While the public cloud has undoubtedly gone mainstream, there are still organisations that haven’t deployed even a single production workload outside of their old data centres.
The most common reason that we hear for this is the total cost of ownership (TCO): “We’ve done a TCO and the cloud just doesn’t stack up for us.” This argument is almost always put forward by an operational IT manager and said with the kind of smile that suggests I won’t get to look at a copy of those numbers.
I don’t need to see the numbers to know that this particular TCO argument is flawed.
It doesn’t matter that the TCO included some costs for good reasons but left other costs out. The specifics simply don’t matter because the argument is wrong, and it is wrong for two very good reasons:
Reason 1: The ﬁnance and insurance sectors have some of the fastest cloud adoption rates.
Typically conservative industries, such as the finance insurance sectors, are adopting cloud services at a faster rate — and spending more — than most other sectors. And these are sectors that are experts when it comes to economic analysis and risk analysis.
If there are that many companies that are that good at assessing a return on investment and its risk profile are making the decision to invest in the cloud, the numbers do stack up.
Of course, the objection isn’t that cloud doesn’t work for some people, it’s that, “… it doesn’t stack up for us.”
Reason 2: If a start-up was created today to take business from you, it would be born in the cloud.
If a new competitor appeared in the market today, they would not go out and capitalise an entire data centre of computer hardware. They’d go and buy just the cloud services that they need.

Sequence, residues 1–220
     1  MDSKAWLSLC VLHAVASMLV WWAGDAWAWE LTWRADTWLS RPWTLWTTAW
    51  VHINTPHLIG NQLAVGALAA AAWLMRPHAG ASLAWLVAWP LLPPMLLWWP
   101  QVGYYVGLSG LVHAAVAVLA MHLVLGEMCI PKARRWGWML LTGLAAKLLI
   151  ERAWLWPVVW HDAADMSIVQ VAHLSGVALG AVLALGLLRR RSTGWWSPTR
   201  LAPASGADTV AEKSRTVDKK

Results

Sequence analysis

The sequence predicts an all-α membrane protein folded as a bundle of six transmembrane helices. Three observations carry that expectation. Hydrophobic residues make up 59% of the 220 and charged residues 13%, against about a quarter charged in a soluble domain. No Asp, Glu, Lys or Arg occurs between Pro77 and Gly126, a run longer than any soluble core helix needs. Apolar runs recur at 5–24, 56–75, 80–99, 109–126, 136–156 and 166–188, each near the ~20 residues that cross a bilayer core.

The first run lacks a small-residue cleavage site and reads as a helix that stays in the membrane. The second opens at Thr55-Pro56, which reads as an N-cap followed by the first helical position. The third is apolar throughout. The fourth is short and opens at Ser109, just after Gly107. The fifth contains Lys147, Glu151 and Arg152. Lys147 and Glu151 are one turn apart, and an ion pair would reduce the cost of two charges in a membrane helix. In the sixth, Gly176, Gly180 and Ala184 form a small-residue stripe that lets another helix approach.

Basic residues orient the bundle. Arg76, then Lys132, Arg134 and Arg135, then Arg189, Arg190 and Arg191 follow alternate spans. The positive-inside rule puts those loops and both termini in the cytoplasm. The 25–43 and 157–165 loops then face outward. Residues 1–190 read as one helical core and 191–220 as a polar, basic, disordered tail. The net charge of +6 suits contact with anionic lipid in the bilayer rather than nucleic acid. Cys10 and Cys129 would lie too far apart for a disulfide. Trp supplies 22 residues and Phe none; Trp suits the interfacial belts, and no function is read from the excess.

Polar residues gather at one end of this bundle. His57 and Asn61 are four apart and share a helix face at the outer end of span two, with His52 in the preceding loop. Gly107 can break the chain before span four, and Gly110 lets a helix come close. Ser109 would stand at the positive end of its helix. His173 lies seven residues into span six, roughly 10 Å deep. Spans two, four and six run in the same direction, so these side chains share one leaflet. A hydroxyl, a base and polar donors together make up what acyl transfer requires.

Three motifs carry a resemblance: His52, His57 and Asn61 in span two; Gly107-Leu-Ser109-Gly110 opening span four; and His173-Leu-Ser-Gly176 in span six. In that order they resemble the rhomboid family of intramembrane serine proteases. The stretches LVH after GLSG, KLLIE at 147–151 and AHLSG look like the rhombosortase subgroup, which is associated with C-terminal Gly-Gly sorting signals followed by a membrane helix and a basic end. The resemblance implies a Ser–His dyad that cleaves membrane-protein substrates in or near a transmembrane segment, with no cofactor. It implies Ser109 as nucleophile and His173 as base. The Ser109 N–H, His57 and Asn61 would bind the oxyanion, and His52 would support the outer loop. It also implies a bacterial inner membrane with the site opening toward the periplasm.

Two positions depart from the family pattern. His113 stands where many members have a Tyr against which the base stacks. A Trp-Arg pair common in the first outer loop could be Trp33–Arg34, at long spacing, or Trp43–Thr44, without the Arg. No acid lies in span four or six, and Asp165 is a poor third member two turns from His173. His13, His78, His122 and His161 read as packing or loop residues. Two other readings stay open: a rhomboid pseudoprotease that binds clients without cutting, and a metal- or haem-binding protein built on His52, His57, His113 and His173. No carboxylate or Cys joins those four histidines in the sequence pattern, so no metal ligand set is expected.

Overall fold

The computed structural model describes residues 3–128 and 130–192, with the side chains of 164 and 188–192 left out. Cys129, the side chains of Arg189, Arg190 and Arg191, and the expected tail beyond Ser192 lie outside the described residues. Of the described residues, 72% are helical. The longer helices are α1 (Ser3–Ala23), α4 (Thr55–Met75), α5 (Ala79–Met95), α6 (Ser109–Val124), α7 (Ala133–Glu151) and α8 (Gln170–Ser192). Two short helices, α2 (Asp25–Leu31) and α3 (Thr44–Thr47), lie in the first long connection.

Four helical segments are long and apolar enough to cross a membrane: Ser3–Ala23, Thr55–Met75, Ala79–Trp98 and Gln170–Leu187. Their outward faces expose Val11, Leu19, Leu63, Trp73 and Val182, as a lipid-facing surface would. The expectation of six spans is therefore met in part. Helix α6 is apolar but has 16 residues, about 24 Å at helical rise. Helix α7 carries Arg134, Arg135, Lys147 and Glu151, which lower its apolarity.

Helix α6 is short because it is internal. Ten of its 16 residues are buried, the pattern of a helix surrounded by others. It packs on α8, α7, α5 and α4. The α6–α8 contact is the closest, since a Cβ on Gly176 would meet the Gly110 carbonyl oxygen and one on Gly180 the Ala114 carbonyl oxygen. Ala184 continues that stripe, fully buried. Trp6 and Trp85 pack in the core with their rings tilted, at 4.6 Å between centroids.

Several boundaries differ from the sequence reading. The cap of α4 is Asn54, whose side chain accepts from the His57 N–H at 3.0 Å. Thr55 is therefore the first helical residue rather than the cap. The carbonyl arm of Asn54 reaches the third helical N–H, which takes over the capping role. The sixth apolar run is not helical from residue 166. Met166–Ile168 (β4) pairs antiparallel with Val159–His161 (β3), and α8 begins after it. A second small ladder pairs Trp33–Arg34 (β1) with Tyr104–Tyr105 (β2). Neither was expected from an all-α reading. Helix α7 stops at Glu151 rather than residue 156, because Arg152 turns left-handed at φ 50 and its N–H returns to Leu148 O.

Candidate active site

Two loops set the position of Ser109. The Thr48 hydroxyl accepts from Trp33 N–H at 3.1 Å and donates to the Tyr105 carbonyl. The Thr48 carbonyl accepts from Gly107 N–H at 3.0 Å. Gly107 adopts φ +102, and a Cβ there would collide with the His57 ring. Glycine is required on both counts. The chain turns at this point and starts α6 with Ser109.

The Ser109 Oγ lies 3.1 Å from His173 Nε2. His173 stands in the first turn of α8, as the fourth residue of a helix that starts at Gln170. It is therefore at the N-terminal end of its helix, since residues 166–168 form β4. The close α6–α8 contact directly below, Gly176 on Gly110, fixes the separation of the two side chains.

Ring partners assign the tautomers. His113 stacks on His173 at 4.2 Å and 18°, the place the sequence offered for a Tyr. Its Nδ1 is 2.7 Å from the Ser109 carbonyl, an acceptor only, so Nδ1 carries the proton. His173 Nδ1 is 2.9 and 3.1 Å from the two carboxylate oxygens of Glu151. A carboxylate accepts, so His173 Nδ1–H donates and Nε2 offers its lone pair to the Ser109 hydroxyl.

The cost efficiency and business agility that this provides a company is the backbone of the digital disruption that we see all around us. This digital disruption is happening in every sector.
Previously, when New Zealand’s taxation department Inland Revenue made everyone check their own tax return balances, an industry sprang up to make this easy and accessible. But as soon as the department changed to doing this automatically for everyone, this entire industry evaporated virtually overnight.
The takeaway? Even in the public sector monopoly of collecting our taxes, digital disruption is possible by making public services that already exist simpler and easier to access.
If it can happen to Inland Revenue, it could happen to you and when it happens it will happen in the cloud.
There is simply no financial advantage in maintaining data centres anymore.
All that said, if the numbers really stack up, how is it that so many TCO analyses show the exact opposite?
Comparing ‘like-for-like’ is a ﬁction
A typical TCO comparison with a legacy data centre environment starts with obtaining the current server list and assigns cloud-based virtual machines with the same resource specifications as the current servers. Add in the assumption that software licensing costs will simply transfer across between the environments. Total up the numbers and discover that the cloud infrastructure costs 5-10% more than the costs of the current environment.
The mistake that many organisations make is to see this result and then not take the discussion any further.